We have now had 2 full days in Paris and the Nurofen tablets have had a hammering. That's what happens when you are not used to walking 4 - 5 klm's a day on hard pavements.
On day 1 we went to the Marche des Enfants Rouge which is a food market that has been running continuously since 1615. In English this is translated as market of the red children ... So named because the site (prior to 1615) was an orphanage and the children were dressed in red to identify their status. We didn't go there to stock up on fruit and veg...but we had been told they serve good street food We chose Morrocan which was great.
From there we wandered passed Moulin Rouge fighting our way past the other tourists just to get a photo of what I must say is a very unimpressive building. We ended the day at a cemetery (for those who don't know Jane loves looking at old dead things.... that's why she hangs around with me). We met a young Italian lady equally interested in the dead remains of famous people. She fortunately had an iPhone app (which caught my interest as this was an app I had obviously neglected to download prior to leaving Oz). She was able to assist in the location of some of these famous dead people.
Although up at 6am on day 2, we didn't get started until 11am.... well after all we are on holidays. We thought we would go to Notre Dame as we didn't visit the Cathedral last time we were there. Armed with all my ipad apps including maps and the metro route planner we ended up at a Metro station called Notre Dame de Lorrette. Now any reasonable person would have assumed that this would get you to within 10 metres of this famous Cathedral.... But in fact it was at least 3 - 4 klm's away. The other disappointing thing was that another of my ipad apps said there wasn't even anything of any interest in the vicinity and that our best option was to get out of there ASAP. Not wanting to walk the 3- 4 klm's to Notre dame we hopped back on the Metro. The ipad metro calculator app gave me 2 choices.... either a longer journey of 30 mins with only one change.... Or only 18 min journey with 3 changes. Well you guessed it, I settled for the shorter time but with more hopping on and off with train changes. The first lesson from this is don't always choose what appears to be the quickest way. After a couple of metro changes we discovered the line that would get us within 100 metres of Notre Dame was closed for maintenance. The second lesson is an ipad app will not tell you whether a particular metro line is closed for maintenance. So we ended up walking the remainder of the way which did make me feel a little less guilty later on when I tucked into a pastry.
The Cathedral was very impressive ... But being a Sunday was infested with tourists... Didn't anyone know that Bruce and Jane were in town? The line for the free tour inside was at least 400 metres long. Now not a patient man I was content with a wander around the outside. Interestingly, around at a side entrance there was a shorter line to gain entry for those who had pre-planned and purchased (for a reasonable sum of money) the Paris Pass which boasts of the fact that you "bypass the queues" if you are willing to fork out the euro. Well this line while shorter than the "free" entry, still looked like over a 150 metres long.... And as they only let a certain number of people into the cathedral at a time, the line was not moving or getting shorter. I thought what "suckers" or in French "ventouses". Lesson number 3 on day 2 was never believe everything you are offered when a tourist.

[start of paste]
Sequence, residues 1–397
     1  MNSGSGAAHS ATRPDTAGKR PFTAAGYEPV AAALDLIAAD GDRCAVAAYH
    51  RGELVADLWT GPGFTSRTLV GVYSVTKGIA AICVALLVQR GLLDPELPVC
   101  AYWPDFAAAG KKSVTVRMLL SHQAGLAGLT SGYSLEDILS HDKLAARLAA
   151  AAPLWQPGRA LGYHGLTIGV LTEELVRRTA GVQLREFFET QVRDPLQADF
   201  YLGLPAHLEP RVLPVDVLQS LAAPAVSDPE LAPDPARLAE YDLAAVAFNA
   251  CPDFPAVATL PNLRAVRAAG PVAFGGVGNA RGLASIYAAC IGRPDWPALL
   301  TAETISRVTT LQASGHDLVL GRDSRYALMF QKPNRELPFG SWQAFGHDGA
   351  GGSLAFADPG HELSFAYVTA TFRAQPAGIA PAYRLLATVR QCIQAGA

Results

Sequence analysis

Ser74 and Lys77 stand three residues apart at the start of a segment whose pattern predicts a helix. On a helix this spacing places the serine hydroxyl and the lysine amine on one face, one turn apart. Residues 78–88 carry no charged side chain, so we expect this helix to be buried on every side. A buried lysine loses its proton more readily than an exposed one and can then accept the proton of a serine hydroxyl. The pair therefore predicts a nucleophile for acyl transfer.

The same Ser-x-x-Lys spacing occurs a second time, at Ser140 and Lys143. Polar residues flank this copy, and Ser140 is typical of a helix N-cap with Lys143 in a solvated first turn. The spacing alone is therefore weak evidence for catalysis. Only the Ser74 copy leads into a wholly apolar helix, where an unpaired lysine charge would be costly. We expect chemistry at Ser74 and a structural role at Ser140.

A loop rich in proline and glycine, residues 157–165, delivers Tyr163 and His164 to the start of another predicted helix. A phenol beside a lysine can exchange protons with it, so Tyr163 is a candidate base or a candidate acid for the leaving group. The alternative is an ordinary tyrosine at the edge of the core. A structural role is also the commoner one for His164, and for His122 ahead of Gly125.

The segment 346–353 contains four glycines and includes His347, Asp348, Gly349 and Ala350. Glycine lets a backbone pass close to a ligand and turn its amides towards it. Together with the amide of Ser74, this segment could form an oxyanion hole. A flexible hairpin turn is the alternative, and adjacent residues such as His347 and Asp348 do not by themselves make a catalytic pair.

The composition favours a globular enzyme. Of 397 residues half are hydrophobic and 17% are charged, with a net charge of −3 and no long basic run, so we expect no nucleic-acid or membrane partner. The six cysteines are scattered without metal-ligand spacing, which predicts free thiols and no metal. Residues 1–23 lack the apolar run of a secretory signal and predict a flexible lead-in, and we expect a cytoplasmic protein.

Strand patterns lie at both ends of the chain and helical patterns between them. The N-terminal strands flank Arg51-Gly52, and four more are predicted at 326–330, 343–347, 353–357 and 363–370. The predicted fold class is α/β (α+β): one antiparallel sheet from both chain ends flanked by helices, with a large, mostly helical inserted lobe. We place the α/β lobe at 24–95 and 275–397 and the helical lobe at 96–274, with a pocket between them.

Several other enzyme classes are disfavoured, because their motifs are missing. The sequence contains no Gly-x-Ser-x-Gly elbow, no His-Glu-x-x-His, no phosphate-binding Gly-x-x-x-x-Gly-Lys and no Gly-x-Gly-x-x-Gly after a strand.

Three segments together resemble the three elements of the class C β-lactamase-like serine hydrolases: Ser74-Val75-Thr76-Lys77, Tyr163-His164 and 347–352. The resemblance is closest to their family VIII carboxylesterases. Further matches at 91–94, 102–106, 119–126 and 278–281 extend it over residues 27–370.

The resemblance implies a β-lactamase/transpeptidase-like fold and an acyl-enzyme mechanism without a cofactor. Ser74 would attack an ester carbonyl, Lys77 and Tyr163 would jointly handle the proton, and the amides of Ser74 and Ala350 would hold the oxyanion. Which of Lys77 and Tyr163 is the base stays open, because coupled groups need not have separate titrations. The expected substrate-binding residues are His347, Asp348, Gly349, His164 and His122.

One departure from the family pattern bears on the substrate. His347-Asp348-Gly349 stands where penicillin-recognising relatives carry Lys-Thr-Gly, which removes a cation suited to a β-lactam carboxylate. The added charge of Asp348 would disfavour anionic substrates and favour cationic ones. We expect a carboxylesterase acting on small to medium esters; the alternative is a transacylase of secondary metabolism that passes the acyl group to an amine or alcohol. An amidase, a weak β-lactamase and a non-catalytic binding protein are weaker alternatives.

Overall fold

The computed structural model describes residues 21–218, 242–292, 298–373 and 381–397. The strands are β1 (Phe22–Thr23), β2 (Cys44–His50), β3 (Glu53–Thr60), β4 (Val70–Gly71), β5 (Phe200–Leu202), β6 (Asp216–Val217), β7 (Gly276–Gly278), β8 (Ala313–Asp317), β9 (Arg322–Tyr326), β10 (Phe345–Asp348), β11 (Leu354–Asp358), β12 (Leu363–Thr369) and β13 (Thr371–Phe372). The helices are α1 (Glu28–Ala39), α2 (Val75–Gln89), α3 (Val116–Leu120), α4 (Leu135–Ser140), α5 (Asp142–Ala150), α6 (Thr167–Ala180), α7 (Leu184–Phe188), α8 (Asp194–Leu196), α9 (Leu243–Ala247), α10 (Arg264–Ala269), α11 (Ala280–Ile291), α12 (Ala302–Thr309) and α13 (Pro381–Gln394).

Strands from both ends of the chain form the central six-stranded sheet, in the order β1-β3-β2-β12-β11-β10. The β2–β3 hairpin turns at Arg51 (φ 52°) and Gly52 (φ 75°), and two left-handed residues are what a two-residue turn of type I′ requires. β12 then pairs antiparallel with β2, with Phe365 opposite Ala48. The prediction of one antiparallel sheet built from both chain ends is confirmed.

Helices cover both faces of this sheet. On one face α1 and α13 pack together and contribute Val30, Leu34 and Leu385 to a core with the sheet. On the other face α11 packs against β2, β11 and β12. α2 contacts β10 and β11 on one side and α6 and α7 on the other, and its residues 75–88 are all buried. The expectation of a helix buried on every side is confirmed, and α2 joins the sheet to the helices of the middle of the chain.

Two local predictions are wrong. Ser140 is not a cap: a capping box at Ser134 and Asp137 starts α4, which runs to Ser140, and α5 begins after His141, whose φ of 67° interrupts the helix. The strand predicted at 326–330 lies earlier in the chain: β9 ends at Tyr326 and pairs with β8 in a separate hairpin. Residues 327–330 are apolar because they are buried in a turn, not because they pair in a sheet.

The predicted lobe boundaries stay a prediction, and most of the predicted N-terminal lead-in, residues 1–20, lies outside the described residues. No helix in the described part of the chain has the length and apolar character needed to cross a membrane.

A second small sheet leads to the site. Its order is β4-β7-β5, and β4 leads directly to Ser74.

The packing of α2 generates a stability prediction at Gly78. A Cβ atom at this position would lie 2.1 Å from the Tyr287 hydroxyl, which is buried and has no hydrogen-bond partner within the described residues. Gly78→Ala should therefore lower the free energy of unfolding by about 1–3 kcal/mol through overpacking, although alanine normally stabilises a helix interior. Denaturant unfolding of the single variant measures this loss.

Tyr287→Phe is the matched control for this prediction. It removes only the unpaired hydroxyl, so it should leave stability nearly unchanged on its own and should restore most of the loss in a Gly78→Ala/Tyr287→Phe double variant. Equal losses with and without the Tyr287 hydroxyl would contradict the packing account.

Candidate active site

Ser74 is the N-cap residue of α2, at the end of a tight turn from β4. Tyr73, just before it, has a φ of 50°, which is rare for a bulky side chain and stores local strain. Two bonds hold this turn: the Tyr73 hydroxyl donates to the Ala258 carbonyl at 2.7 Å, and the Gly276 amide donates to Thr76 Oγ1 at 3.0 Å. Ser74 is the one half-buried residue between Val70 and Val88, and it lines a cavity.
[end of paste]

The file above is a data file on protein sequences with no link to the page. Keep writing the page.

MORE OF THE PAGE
Our next stop was the Concierge. This was once a palace but very early on was given over to a government administrative centre. During the revolution this was the place where monarchists and people suspected of being anti revolutionary were held and went before the tribunal. The building still had the original cells including the one that held Marie Antoinette.
Being a Sunday and a lovely sunny 20 degrees, every Parisian was out sitting in any public area possible with a chair and a picnic. It didn't even matter if it was gravel (all grassy areas were roped off and you weren't allowed to sit there). The prime locations, or so it seemed was the small concrete fountain/ponds (with or without a fountains). People pulled chairs up to these ponds and had their picnics, talked and read (see photo attached). While strange, it did strike us that most people in the main parts of Paris live in apartments with no back yards and so public space is the only way you can really sit outside. Not sure what the attraction is sitting up close to a man made concrete pond!
Our last stop was Place de la Concorde. This was previously named Place de la Louis XV. Following the revolution it was renamed Place de la Revolution and was where the guillotine was erected and used extensively including over 1300 executions in 1 month. Some years after the area was renamed again to Place de la Concorde.
Following some nurofen and a cup of tea, we ended up in bed at around 8.30am. End day 2 in Paris.